Apple will introduce new versions of iOS and OS X at its annual developer's conference.
Users Continue to Experience Problems With iPhone 4 Proximity Sensors
While Apple's iPhone 4 signal loss issues have been receiving significant attention since the device's launch late last month, a number of other problems have been seeing sporadic reports, and one of the most prevalent of late has been problems with the device's proximity sensors designed to sense when the phone is held up to the user's face and deactivate the device's screen, thus preventing unintended activation of buttons on the display.
Noted early on, the topic has received considerable attention on Apple's support discussions and in our own forums (1, 2, 3), with users reporting either that the proximity sensors fail to turn off the display during calls, resulting in unintended hangups and other actions, or that the sensors failed to turn the display back on after a call, resulting in a black screen.
Macworld has summarized the effort of those seeking to address the issue, with some users reporting success with resetting some of their iPhone's settings.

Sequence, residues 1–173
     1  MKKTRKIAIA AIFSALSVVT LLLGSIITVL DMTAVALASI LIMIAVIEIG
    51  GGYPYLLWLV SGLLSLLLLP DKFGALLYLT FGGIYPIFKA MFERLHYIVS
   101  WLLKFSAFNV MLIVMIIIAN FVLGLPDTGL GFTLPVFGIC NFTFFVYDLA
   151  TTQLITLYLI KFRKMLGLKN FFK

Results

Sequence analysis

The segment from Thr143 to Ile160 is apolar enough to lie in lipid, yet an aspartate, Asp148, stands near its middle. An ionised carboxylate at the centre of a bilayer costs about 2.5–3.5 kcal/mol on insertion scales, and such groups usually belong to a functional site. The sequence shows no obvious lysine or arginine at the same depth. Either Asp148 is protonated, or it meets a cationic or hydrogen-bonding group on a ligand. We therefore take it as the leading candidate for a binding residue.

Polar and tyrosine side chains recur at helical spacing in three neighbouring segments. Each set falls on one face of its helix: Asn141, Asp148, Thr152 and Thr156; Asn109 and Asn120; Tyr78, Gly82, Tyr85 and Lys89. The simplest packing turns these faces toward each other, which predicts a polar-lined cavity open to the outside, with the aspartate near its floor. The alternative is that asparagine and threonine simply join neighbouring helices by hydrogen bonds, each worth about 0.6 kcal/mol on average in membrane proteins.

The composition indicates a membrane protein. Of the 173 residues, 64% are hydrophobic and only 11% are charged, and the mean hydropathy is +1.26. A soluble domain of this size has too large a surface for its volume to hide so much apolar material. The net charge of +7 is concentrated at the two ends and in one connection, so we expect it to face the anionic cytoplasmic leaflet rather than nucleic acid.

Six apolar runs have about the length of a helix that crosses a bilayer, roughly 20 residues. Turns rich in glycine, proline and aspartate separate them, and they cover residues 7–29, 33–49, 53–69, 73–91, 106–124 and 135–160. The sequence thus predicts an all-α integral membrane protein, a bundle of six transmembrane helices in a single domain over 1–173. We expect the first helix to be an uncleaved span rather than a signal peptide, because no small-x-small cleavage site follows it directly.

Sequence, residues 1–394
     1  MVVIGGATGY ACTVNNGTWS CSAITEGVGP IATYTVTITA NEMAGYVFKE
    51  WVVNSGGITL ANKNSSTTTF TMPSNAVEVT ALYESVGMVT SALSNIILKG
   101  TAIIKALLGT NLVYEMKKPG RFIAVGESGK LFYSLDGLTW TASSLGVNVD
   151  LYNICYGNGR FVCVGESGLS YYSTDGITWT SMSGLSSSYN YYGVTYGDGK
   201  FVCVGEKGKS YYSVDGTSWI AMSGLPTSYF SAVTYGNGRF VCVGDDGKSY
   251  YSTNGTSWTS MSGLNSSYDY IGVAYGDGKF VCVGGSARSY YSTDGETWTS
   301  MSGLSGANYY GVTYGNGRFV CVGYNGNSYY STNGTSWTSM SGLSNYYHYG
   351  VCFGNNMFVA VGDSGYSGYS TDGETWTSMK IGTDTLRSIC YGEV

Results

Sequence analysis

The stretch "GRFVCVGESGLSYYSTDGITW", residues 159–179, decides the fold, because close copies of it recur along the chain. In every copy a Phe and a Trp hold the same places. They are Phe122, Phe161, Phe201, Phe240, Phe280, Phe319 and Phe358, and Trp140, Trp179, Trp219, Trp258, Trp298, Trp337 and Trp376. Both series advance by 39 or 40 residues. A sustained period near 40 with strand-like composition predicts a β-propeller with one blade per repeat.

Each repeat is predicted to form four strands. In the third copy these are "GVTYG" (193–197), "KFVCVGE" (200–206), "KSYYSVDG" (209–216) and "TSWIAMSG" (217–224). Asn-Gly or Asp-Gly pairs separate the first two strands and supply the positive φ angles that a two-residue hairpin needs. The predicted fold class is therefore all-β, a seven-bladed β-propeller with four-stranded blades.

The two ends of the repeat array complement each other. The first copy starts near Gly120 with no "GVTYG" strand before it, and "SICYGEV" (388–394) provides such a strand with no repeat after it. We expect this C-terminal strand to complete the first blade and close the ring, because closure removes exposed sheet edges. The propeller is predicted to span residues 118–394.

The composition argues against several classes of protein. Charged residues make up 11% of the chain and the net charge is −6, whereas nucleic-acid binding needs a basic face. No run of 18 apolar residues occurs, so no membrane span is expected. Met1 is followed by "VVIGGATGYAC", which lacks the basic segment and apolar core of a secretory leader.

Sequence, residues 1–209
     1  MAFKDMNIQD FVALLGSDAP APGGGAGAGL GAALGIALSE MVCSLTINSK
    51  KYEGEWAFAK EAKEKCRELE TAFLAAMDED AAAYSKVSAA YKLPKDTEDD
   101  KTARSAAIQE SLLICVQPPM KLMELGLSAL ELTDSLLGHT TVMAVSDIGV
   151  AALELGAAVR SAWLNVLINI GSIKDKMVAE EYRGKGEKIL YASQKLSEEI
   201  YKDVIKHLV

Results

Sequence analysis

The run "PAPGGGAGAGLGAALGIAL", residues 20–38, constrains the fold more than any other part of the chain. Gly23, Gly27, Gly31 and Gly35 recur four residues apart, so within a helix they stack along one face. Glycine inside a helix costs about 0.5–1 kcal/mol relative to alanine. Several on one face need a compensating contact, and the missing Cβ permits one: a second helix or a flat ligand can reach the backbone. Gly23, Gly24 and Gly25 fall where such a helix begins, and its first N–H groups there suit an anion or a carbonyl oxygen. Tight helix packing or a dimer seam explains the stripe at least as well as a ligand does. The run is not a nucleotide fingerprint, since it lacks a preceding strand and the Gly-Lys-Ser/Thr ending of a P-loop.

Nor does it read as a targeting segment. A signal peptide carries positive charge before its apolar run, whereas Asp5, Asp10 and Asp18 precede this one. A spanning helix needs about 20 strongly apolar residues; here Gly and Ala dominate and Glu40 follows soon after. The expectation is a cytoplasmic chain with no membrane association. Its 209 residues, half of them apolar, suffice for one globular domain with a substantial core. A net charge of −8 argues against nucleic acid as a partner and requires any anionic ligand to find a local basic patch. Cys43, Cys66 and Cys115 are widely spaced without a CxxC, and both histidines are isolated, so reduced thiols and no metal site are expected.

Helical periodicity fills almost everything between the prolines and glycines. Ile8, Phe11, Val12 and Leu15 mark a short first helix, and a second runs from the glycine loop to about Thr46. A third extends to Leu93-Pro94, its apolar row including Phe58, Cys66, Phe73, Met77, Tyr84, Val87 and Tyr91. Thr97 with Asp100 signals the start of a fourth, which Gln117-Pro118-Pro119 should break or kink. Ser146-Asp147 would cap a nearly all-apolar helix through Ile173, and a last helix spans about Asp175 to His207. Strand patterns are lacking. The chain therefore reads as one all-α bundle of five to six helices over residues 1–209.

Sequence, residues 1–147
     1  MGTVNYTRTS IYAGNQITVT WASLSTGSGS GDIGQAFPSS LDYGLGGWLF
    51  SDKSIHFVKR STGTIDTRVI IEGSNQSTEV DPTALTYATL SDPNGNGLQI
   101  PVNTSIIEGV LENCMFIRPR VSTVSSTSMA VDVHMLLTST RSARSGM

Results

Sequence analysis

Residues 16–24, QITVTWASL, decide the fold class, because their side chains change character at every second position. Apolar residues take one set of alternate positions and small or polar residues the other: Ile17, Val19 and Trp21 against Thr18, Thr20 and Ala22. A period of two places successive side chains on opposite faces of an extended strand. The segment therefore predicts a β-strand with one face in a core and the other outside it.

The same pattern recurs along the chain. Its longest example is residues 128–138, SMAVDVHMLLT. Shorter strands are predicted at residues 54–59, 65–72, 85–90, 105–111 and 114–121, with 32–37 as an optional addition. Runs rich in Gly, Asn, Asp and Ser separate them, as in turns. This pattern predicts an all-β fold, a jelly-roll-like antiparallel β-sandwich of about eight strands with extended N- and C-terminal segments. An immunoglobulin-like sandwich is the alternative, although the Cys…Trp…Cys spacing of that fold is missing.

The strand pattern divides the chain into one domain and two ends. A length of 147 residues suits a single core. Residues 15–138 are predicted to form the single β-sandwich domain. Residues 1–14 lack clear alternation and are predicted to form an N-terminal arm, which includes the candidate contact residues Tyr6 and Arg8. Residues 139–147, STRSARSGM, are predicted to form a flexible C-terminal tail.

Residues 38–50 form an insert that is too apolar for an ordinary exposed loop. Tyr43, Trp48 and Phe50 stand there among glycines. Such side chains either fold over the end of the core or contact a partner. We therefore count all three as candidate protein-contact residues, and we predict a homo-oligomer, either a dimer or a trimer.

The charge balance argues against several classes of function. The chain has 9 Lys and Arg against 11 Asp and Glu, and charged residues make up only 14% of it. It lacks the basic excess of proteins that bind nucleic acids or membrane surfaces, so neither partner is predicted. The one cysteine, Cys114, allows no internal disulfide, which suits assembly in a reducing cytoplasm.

Many affected users report that either a Settings reset or a hard reboot fixes their problem. One Apple support thread recommends that users open the Settings app, then go to General -> Reset, and choose "All Settings" at the top (note: this will not erase your apps, media, or other data -- that's what the "Erase All Content and Settings" button just below this option is for. "Reset All Settings" just reverts any Settings preferences you've customized back to their factory defaults). One Twitter follower, Brian Partridge, reported that AppleCare told him to just use Reset -> Reset Network Settings, not all settings, and it worked.While many users have reported being unable to replicate the issue, suggesting that it may not be a universal fault, a significant number of users are experiencing proximity sensor-related problems. Apple has yet to comment on the issue, and it is unclear whether it is a hardware or software problem, although the majority of observers are leaning toward the software explanation. If so, users can hold out hope that a simple software update, such as that planned for the signal strength issue in the next few weeks, may be able to fix the issue.